All of you now have probably done a titration, an acid-base concentration, or at least you've thought about it and actually worked a problem involving an acid-base titration.
In the case of an acid-base titration, for instance, if you were titrating acetic acid with a strong base, like sodium hydroxide, you add sodium hydroxide until you reach the equivalence point. And, at the equivalence point, you've added exactly the same number of moles of base as you had originally moles of acetic acid in the flask or in the beaker. Now, the end point, or the visual indicator that tells you when you've reached the equivalence point, is usually something like phenyl phthalene, which changes color from colorless to pink. And that tells you that you've reached the equivalence point of the titration.
And what we're going to look at here is the titration of barium hydroxide, which is a sparingly soluble base, using sulfuric acid as the thing we're going to titrate with, the titrant. And the reactions that are going to occur are two: one, the barium 2 plus cations are going to react with the sulfate in the sulfuric acid and form barium sulfate; and, at the same time, the hydroxide from the barium hydroxide is going to react with the protons from sulfuric acid to form water. Now, you know that the solubility product of barium sulfate is relatively small, which mean that it isn't very soluble in water. And, similarly, the autoionization of water is something that gives rise to very low concentrations of protons in hydroxide. So, in other words, as this titration proceeds, what's going to happen is the ion concentration in the beaker is going to get smaller and smaller. And what we're going to see, hopefully, is that it'll get so small that the light bulb is going to turn off.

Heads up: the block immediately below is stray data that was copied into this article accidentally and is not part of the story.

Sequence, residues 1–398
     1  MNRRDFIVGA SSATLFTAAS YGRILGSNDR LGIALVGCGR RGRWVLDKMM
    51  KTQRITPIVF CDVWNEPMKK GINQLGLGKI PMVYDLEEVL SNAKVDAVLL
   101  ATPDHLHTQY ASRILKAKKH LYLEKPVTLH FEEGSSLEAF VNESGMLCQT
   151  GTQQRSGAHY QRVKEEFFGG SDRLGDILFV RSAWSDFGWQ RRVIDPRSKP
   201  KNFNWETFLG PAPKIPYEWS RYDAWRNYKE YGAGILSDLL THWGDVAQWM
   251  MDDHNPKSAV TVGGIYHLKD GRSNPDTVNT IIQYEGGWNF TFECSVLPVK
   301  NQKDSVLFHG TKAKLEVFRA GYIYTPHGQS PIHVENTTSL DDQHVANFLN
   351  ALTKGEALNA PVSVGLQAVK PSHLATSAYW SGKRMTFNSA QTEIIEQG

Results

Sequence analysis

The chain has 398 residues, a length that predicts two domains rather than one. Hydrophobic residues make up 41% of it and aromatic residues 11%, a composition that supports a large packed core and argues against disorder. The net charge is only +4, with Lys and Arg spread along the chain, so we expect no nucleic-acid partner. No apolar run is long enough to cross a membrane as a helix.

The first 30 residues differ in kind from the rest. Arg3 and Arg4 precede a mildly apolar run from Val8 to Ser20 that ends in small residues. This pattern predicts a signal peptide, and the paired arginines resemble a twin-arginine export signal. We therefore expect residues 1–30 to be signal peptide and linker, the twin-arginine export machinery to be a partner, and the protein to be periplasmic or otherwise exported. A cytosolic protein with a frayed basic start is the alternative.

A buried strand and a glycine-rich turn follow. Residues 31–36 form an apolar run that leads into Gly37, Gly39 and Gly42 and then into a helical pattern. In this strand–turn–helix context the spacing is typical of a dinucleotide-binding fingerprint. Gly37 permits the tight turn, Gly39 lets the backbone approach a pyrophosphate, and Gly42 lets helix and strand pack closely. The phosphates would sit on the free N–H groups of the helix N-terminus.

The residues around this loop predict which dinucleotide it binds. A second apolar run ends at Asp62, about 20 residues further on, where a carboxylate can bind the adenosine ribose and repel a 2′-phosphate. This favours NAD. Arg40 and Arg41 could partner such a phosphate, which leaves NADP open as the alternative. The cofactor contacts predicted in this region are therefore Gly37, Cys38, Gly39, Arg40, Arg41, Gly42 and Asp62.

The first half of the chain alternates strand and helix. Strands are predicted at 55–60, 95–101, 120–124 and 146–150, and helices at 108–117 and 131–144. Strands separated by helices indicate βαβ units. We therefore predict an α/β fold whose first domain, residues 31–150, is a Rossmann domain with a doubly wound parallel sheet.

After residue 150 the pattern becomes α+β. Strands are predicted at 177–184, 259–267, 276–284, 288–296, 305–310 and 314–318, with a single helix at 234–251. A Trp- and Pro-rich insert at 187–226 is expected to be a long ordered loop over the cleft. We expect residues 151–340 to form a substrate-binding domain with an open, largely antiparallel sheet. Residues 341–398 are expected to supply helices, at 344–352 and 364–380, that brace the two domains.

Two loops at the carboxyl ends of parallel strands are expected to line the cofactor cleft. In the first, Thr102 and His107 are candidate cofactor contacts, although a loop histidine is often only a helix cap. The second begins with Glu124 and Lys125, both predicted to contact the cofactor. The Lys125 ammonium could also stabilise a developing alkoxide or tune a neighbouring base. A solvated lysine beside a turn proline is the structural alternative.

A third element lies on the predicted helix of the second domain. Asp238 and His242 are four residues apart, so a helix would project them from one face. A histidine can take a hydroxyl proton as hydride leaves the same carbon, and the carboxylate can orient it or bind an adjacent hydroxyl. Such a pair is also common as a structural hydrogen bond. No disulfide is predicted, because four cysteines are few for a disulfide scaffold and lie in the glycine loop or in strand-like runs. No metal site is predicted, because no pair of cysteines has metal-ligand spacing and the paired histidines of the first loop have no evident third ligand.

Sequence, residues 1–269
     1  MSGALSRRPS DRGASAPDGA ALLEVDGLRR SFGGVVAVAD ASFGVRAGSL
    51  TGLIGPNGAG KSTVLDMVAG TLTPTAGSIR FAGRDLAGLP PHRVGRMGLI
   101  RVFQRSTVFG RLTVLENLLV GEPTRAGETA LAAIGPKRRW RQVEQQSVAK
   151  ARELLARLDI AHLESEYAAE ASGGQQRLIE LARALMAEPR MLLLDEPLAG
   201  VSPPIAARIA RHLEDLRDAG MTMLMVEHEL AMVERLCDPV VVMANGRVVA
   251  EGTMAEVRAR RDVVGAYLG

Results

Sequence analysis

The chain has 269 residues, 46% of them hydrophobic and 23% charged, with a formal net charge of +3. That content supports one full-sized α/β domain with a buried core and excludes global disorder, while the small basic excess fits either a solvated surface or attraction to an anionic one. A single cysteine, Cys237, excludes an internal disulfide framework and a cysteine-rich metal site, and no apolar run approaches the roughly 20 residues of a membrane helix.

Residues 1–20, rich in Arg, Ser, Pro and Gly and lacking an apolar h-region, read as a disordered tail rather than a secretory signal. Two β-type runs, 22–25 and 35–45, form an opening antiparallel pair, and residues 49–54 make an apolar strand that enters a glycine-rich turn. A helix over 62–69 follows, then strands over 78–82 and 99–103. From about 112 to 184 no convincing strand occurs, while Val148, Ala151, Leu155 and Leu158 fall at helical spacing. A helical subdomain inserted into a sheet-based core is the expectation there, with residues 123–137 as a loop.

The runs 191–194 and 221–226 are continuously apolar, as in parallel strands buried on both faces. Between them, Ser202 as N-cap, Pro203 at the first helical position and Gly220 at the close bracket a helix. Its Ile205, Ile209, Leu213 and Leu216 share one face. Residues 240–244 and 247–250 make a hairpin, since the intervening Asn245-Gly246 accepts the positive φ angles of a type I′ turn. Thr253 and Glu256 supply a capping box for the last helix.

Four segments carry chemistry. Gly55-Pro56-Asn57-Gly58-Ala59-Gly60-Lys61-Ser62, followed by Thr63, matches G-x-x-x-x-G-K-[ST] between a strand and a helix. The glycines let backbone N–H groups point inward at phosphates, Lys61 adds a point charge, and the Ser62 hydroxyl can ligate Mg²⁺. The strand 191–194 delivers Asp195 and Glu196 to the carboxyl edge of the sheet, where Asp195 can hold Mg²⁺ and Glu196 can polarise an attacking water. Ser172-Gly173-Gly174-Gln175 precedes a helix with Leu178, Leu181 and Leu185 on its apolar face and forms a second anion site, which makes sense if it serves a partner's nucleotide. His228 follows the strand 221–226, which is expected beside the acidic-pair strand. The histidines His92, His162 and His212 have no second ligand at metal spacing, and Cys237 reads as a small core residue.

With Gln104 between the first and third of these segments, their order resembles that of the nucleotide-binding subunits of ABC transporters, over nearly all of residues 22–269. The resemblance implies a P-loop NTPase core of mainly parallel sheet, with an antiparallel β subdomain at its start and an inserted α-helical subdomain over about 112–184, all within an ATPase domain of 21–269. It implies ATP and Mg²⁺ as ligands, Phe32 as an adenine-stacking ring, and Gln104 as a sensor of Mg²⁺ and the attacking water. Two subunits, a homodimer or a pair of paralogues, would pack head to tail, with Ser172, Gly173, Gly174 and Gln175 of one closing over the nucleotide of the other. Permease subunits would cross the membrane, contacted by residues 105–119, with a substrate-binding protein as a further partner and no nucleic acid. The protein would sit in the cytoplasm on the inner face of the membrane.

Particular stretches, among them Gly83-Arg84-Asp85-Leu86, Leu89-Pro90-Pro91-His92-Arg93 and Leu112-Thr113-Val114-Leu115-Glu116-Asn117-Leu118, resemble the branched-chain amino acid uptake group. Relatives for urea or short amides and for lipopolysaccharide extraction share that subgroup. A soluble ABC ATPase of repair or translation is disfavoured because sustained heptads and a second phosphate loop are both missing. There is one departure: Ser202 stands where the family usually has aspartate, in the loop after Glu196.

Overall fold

So I'm going to fire this up. Right now, the light bulb will be lit, because there's barium ions and hydroxide ions in the solution. But, as we do the titration, the concentration of ions in the solution is going to drop down, and the light bulb turning off will signal the end point of the titration. Now, I'm not going to keep track of all the numbers in our titration, because that's not the point. The point is to show you that we can use what is essentially a conductometric technique, where we're measuring the conductivity of the solution, and that tells us that we've arrived at the end point in the titration.
So let's take a look. Well, that didn't take very much. What we did was we added sulfuric acid. We precipitated all of the barium as barium sulfate. We neutralized the base with the acid and eventually we got to a point where the light bulb turned off. Now, I'm going to continue to add some sulfuric acid. And what do you suppose is going to happen? Well, the barium sulfate is still going to stay insoluble. It's still now floating around as a precipitate inside this solution. But we're going to add - my electrodes are moving around here - we're going to add more sulfuric acid, and sulfuric acid dissociates into protons and hydrogen sulfate anions, and also sulfate anions. So, when we do that, what's going to happen is the light bulb is going to turn back on again.
So take a look at the equations that we talked about here and you'll see why the conductivity of the solution ought to go to a relatively small value when we hit the end point of the titration. And then the conductivity goes back up when we go past the end point and start adding excess sulfuric acid.
Equilibrium in Aqueous Solution
Acid-Base Titration
CIA Demonstration: Barius Hydroxide-Sulfuric Acid Titration Page [1 of 1]

Embed this video on your site

Copy and paste the following snippet: